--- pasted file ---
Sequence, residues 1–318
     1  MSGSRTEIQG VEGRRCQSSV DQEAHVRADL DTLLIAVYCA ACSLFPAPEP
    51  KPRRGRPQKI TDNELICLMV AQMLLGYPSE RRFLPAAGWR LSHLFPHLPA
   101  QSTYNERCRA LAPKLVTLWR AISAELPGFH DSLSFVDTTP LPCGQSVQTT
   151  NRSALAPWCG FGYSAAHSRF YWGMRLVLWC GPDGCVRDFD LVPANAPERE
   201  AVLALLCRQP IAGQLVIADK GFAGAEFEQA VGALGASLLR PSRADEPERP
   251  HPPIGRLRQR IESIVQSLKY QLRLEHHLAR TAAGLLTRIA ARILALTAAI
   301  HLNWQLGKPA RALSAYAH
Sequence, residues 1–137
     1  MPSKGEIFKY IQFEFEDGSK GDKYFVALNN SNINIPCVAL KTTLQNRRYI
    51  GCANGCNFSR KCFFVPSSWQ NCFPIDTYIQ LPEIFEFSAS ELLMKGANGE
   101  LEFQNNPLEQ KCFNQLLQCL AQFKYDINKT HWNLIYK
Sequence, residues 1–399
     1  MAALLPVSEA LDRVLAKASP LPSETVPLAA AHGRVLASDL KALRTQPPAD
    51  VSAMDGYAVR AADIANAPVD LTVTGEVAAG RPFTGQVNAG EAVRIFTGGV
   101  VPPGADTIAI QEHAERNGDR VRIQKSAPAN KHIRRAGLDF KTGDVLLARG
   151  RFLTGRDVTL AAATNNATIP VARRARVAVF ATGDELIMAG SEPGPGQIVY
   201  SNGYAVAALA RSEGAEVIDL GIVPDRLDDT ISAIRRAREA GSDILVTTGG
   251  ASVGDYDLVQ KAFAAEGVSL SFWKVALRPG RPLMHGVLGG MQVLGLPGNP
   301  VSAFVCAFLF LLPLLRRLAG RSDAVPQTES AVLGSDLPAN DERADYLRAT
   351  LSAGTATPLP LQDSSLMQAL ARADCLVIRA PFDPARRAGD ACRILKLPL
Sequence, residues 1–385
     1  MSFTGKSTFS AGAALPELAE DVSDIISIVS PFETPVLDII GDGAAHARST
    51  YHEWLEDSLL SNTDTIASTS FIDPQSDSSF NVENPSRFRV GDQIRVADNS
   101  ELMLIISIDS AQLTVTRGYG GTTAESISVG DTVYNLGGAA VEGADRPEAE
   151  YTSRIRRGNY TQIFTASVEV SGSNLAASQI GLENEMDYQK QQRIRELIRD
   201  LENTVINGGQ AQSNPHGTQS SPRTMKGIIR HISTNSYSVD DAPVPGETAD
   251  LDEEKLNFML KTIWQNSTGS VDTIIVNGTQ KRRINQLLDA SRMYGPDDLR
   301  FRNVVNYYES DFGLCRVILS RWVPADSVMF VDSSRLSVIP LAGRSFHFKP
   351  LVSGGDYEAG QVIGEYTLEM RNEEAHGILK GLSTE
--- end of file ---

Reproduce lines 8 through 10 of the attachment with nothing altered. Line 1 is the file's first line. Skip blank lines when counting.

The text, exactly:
   301  HLNWQLGKPA RALSAYAH
Sequence, residues 1–137
     1  MPSKGEIFKY IQFEFEDGSK GDKYFVALNN SNINIPCVAL KTTLQNRRYI